Ayende @ Rahien

My name is Oren Eini
Founder of Hibernating Rhinos LTD and RavenDB.
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“Incremental” map/reduce in MongoDB isn’t

time to read 10 min | 1909 words

Rafal  an Ben Foster commented on my previous post with some ideas on how to deal with incremental updates to map/reduce indexes. Rafal said:

Actually, it's quite simple if you can 'reverse' the mapping operation (for given key find all documents matching that key): you just delete aggregate record with specified key and run incremental map-reduce on all matching documents. In today's example, you would delete the aggregate with key='oren' and then run map reduce with a query:

db.items.mapReduce(map,reduce, { out: {reduce: ‘distinct_item_names’}, query: {name: 'oren' } });

And Ben said:

It's worth mentioning that I was able to get the MongoDB map-reduce collections updating automatically (insert/update/delete) by monitoring the MongoDB OpLog …

…and listen for new documents in the OpLog which could then be used to re-execute an incremental Map-Reduce.

And while this looks right, this actually can’t possibly work. I’ll start from Rafal’s suggestion first. He suggest just issuing the following set of commands whenever we delete something from the database:

   1: db.distinct_item_names.remove({name: 'oren' } });
   2: db.items.mapReduce(map,reduce, { out: {reduce: ‘distinct_item_names’}, query: {name: 'oren' } });

And yes, that will actually work, as long as you are careful to never do this concurrently. Because if you do run this concurrently… well, the best you can hope is no data, but the liker scenario is data corruption.

But this actually gets better, deletes are annoying, but they are a relatively simple case to process. You have updates to deal with too. We’ll assume that we are watching the oplog to get notified when this happens. Here is an MongoDB oplog entry

   1: {
   2:   "ts": {
   3:     "t": 1286821984000,
   4:     "i": 1
   5:   },
   6:   "h": "1633487572904743924",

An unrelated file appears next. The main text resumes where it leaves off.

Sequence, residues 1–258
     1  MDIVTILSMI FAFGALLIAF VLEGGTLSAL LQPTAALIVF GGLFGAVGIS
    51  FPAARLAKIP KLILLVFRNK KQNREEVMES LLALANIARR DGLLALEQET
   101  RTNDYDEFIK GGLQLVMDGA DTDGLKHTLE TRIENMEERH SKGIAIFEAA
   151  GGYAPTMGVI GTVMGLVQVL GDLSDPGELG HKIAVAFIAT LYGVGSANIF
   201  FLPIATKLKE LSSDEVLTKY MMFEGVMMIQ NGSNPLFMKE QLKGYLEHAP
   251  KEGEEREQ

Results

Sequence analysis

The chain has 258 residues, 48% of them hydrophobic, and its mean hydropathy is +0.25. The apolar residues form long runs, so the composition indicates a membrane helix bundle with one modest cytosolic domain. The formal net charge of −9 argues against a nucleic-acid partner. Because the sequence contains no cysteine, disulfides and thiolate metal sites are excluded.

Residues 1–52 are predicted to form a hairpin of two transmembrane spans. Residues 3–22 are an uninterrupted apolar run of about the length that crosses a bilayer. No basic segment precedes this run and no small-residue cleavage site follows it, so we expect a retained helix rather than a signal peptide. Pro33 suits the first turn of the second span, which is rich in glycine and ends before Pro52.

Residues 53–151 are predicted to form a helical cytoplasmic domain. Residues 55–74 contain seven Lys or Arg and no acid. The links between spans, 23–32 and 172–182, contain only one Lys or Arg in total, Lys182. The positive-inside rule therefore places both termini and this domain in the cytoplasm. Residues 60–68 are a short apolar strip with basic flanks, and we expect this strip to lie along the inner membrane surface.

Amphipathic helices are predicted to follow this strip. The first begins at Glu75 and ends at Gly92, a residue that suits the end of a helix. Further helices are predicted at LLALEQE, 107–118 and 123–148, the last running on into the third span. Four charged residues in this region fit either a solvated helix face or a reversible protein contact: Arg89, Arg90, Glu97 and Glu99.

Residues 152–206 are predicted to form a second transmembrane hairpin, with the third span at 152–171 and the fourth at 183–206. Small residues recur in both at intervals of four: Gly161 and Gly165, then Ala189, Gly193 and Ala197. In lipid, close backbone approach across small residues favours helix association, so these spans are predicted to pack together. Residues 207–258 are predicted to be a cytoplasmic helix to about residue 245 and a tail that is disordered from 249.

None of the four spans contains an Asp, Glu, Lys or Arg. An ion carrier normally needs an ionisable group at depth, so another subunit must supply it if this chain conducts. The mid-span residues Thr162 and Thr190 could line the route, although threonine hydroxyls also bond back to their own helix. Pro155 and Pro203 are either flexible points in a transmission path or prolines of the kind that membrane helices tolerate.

7:   "op": "u",
   8:   "ns": "items",
   9:   "o2": {
  10:     "_id": "4cb35859007cc1f4f9f7f85d"
  11:   },
  12:   "o": {
  13:     "$set": {
  14:       "Name": "Eini"
  15:     }
  16:   }
  17: }

As you can see, we an update operation (op: u) on a specific document (o2._id) with the specified update (o.$set). That is really great, and it is utterly useless for our purposes. In this case, we updated the name from Oren to Eini, so we would like to be able to run this:

   1: db.distinct_item_names.remove({name: 'oren' } });
   2: db.distinct_item_names.remove({name: eini' } });
   3: db.items.mapReduce(map,reduce, { out: {reduce: ‘distinct_item_names’}, query: {name: 'oren' } });
   4: db.items.mapReduce(map,reduce, { out: {reduce: ‘distinct_item_names’}, query: {name: eini' } });

Except that we don’t have any way to get the old value out from the oplog. And this still isn’t going to work concurrently.

But let us say that we decided to have a watcher process monitor the oplog somehow, and it will ensure no concurrency of those requests. Now you have to deal with fun issues like: “what happens if the watcher process recycle?”  How do you keep your place in the oplog (and remember, the oplog is capped, stuff you haven’t seen might be removed if they are beyond the specified size.

And… to be frank, once we have done all of that, this is still the easy part. One of the reasons that you want to do this work in the first place is to deal with large amount of data. But you cannot assume that you’ll have even distribution of the data.

One bug request that came against the RavenDB map/reduce implementation was a map/reduce index on the US Census data. That is ~300 million documents, and the index the user wanted to build was a map/reduce group by the state. You have states like California, with more than 30 million people in it, and you realize that you don’t want to have to re-do the map/reduce over the entire 30+ million documents that you have there. In RavenDB, under this scenario, you’ll have to issue about 3,073 operations, by the way. Versus the 30 millions you would need for this approach.